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Fermentation in reverse order

Danish chemical company Chr. Hansen launches something very new just in time for the harvest 2014.

This brand new something is called Viniflora NoVA and is a new generation of lactic bacteria isolated from fermenting must. The research has been done in collaboration with Professor Maret du Toit at the University of Stellenbosch in South Africa.

Lactic bacteria are used in winemaking to start the malolactic fermentation, a process that all red wines undergo and which transforms malic acid into softer lactic acid. Normally, the wine undergoes malolactic fermentation after the alcoholic fermentation. With Viniflora NoVA it works just the other way around.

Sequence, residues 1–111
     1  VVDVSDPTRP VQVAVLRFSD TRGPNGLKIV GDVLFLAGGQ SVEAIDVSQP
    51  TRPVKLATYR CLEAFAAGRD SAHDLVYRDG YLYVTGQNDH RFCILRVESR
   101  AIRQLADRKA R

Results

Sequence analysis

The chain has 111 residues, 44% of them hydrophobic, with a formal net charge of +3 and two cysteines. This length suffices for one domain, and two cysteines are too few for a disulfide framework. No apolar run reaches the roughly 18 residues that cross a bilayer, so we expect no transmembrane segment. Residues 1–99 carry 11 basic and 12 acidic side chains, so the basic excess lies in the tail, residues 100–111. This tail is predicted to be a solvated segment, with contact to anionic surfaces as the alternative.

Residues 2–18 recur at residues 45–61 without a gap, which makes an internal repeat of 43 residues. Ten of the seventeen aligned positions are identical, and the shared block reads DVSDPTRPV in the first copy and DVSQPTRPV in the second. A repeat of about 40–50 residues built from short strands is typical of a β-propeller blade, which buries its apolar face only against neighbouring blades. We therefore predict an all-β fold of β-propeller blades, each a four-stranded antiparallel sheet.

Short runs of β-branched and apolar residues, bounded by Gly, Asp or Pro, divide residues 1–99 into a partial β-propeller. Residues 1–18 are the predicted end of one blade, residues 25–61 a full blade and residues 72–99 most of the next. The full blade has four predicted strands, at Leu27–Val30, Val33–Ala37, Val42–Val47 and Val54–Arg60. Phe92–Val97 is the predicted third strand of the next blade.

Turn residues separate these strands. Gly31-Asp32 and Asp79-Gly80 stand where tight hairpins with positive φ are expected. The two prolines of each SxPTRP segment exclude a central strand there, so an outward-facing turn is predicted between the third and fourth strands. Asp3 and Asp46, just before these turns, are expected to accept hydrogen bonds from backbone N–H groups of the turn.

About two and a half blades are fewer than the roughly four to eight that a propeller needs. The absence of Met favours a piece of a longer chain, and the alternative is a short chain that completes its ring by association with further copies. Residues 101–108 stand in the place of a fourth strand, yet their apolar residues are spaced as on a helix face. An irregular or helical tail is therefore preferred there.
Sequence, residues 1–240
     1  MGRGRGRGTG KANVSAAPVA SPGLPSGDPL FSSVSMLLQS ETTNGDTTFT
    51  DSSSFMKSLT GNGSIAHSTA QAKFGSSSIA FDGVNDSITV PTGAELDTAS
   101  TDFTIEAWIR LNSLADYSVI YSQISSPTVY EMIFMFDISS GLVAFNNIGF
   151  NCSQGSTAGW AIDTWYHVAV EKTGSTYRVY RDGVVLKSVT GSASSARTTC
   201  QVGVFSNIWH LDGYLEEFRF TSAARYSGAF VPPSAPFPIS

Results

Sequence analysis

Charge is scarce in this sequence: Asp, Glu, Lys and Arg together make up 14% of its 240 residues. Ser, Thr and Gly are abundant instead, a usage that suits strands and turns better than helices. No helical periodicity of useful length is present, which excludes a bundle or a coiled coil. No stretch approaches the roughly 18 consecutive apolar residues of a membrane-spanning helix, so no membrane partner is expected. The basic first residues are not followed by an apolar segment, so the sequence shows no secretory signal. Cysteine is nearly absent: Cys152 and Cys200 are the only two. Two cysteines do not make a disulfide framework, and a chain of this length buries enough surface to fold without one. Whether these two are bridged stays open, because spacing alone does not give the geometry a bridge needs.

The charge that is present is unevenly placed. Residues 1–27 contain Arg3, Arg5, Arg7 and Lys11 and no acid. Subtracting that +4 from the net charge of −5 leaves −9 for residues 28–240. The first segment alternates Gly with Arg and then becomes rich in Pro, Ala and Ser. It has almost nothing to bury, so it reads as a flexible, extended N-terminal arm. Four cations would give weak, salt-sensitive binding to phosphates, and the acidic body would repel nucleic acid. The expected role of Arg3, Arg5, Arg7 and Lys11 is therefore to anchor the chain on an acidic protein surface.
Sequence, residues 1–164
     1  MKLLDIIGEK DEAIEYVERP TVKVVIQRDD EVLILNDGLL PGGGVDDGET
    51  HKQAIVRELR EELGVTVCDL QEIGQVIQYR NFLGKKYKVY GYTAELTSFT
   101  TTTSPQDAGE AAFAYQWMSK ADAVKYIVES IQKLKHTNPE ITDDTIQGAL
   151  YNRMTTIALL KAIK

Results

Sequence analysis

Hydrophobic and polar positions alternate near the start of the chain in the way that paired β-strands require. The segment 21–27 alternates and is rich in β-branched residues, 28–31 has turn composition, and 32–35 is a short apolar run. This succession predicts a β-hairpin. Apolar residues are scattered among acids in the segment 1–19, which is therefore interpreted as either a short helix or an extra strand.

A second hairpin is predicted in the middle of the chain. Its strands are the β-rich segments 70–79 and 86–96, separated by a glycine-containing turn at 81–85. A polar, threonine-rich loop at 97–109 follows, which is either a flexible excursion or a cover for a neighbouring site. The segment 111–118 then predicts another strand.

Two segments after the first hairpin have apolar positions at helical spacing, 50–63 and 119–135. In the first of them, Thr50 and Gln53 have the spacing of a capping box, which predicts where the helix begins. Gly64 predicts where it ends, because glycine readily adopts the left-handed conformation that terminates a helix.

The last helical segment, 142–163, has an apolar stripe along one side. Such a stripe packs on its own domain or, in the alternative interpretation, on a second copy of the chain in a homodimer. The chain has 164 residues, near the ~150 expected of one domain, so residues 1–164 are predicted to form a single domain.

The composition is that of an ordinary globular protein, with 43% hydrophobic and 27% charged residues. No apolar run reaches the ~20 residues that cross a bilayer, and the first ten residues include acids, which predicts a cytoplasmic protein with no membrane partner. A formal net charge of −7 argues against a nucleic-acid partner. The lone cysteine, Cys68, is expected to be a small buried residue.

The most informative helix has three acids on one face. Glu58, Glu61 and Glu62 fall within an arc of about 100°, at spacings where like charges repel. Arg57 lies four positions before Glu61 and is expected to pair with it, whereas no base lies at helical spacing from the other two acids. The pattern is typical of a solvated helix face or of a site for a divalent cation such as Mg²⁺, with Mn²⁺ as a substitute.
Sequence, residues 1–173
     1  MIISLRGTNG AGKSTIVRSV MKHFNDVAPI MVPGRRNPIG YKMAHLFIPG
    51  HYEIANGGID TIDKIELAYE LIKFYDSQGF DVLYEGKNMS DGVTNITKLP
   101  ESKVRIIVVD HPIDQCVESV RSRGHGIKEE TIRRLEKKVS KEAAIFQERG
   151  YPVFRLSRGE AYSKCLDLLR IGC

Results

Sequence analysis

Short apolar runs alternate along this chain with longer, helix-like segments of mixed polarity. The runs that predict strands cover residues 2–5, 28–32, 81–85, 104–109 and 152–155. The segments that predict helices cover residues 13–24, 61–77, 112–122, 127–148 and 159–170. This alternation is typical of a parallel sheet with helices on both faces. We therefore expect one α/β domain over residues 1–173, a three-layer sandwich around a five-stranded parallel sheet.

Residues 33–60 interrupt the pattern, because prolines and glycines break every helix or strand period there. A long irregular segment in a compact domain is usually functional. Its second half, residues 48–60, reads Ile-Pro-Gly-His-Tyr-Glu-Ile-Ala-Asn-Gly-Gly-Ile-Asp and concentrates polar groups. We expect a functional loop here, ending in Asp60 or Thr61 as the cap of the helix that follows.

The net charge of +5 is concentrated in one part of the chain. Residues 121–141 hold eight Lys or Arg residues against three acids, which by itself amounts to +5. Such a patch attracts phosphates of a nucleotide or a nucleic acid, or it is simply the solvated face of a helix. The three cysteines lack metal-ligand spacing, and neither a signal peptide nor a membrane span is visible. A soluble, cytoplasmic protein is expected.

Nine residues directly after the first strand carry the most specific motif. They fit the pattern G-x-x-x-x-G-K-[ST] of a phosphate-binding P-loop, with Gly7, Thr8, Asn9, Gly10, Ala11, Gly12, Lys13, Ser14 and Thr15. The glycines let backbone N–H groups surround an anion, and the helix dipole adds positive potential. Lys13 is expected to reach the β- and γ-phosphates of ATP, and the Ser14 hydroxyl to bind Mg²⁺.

The malolactic process is made in the grape must, before the alcoholic fermentation. The benefits are many say Chr. Hansen. The whole fermentation process goes faster, the risk that you get off flavours or volatile acidity during the first critical days before the alcoholic fermentation start is reduced, and you may get by on a smaller amount of sulphur.

Read more on chr-hansen.com.

Fermenting grapes and must

Fermenting grapes and must, copyright BKWine Photography

This post is also available in: Swedish

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